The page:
The “Adaptation Paradox” and Citizen Ambiguity over Government Climate Policies: Survey Findings from Bangladesh Eisenstadt, Todd A.; Haque, Tawfique; Toman, Michael; Wright, Matthew (Assistant professor of political science)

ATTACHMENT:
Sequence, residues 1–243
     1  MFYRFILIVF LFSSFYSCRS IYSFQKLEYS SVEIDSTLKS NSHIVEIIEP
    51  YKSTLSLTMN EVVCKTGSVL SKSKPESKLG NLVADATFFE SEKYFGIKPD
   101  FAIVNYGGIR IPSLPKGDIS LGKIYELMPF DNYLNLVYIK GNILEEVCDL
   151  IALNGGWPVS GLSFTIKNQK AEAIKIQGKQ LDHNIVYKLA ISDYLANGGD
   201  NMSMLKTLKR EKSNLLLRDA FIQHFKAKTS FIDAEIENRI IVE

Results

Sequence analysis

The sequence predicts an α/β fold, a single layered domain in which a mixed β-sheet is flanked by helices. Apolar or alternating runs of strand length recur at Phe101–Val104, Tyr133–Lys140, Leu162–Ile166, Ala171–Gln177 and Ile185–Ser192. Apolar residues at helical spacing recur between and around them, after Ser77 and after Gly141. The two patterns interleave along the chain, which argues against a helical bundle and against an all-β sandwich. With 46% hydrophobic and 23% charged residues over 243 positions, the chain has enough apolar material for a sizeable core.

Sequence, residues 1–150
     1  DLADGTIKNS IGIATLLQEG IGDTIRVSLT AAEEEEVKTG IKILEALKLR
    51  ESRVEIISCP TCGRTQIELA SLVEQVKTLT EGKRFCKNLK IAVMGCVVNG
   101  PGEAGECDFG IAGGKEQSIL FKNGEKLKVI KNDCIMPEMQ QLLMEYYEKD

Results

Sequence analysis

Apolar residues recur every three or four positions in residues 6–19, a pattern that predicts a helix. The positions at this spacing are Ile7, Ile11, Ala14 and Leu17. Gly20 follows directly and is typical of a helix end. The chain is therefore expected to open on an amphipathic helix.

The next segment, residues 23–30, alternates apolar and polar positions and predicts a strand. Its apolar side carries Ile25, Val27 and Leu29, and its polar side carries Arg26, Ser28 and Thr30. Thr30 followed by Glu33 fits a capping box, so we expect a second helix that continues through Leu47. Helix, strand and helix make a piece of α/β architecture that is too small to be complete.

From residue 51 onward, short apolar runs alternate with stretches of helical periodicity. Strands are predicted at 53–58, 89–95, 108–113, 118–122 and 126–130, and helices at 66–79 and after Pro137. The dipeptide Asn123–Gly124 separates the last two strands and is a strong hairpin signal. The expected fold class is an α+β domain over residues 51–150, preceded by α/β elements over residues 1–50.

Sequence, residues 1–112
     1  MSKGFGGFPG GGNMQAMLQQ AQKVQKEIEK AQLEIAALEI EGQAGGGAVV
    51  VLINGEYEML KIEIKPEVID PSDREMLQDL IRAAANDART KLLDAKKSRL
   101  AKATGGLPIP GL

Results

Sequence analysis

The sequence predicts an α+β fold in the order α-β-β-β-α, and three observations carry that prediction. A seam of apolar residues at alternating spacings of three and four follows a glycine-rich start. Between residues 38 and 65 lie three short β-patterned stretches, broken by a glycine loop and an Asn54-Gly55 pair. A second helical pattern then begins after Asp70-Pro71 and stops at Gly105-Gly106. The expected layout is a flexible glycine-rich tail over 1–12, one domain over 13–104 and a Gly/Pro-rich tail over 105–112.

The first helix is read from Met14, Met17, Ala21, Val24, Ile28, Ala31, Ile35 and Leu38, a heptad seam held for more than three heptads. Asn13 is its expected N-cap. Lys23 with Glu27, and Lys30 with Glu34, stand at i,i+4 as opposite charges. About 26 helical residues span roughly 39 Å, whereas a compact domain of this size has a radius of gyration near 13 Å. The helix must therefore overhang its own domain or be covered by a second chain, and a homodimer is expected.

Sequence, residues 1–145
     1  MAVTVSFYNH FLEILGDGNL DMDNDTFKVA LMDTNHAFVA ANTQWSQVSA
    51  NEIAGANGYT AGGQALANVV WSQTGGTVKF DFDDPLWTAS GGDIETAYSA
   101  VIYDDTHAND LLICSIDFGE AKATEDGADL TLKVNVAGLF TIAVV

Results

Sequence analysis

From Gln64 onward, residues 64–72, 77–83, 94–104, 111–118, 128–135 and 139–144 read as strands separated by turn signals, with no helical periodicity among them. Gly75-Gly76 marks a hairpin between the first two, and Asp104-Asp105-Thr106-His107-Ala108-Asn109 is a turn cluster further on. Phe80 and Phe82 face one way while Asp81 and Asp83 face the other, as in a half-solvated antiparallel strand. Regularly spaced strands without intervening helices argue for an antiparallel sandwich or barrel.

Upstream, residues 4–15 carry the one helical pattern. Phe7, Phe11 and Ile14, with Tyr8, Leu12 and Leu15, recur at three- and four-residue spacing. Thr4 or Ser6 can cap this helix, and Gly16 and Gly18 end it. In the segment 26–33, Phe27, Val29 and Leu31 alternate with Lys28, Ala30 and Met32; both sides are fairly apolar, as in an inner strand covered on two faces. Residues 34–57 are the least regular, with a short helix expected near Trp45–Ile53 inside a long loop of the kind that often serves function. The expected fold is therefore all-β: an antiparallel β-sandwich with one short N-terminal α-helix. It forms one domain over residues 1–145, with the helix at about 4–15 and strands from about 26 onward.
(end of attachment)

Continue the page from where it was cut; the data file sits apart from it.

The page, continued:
National governments in the world’s most climate-vulnerable nations are using domestically sourced and international funding and expertise. However, local governments are where citizens in many developing countries turn to solve problems. Using results from a nationally representative sample in Bangladesh, one of the most climate-vulnerable nations in the world, we examine citizens’ perspectives about the responsibility of different levels of government to address climate change problems. Inasmuch as Bangladeshi survey respondents do draw distinctions, they trust local governments more than the national one. However, local governments tend to be relatively weak vis-à-vis the national government: political and financial resources are concentrated there, and the national government has access to the resources of international financial institutions. Furthermore, respondents tend to view local officials as embedded community networks more than as formal government agents. We conclude that better public communications across levels of government with vulnerable communities are needed if these communities are to protect themselves from extreme weather events, access services, and reap the benefits of “polycentric” climate adaptation governance across a full range of levels.
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